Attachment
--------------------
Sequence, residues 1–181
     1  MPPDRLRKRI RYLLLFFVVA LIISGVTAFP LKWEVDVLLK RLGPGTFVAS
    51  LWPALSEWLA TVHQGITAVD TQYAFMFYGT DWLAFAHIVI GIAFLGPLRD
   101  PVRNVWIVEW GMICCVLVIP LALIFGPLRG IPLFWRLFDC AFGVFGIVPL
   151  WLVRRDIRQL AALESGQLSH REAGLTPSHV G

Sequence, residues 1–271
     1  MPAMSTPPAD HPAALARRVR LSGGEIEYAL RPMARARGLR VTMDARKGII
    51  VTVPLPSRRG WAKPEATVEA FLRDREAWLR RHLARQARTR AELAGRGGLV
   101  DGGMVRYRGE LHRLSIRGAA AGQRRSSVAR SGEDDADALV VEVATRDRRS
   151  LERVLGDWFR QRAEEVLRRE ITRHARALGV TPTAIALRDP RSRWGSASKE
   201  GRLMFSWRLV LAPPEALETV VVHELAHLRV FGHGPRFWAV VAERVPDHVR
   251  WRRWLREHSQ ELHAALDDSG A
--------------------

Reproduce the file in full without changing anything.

Sequence, residues 1–181
     1  MPPDRLRKRI RYLLLFFVVA LIISGVTAFP LKWEVDVLLK RLGPGTFVAS
    51  LWPALSEWLA TVHQGITAVD TQYAFMFYGT DWLAFAHIVI GIAFLGPLRD
   101  PVRNVWIVEW GMICCVLVIP LALIFGPLRG IPLFWRLFDC AFGVFGIVPL
   151  WLVRRDIRQL AALESGQLSH REAGLTPSHV G

Sequence, residues 1–271
     1  MPAMSTPPAD HPAALARRVR LSGGEIEYAL RPMARARGLR VTMDARKGII
    51  VTVPLPSRRG WAKPEATVEA FLRDREAWLR RHLARQARTR AELAGRGGLV
   101  DGGMVRYRGE LHRLSIRGAA AGQRRSSVAR SGEDDADALV VEVATRDRRS
   151  LERVLGDWFR QRAEEVLRRE ITRHARALGV TPTAIALRDP RSRWGSASKE
   201  GRLMFSWRLV LAPPEALETV VVHELAHLRV FGHGPRFWAV VAERVPDHVR
   251  WRRWLREHSQ ELHAALDDSG A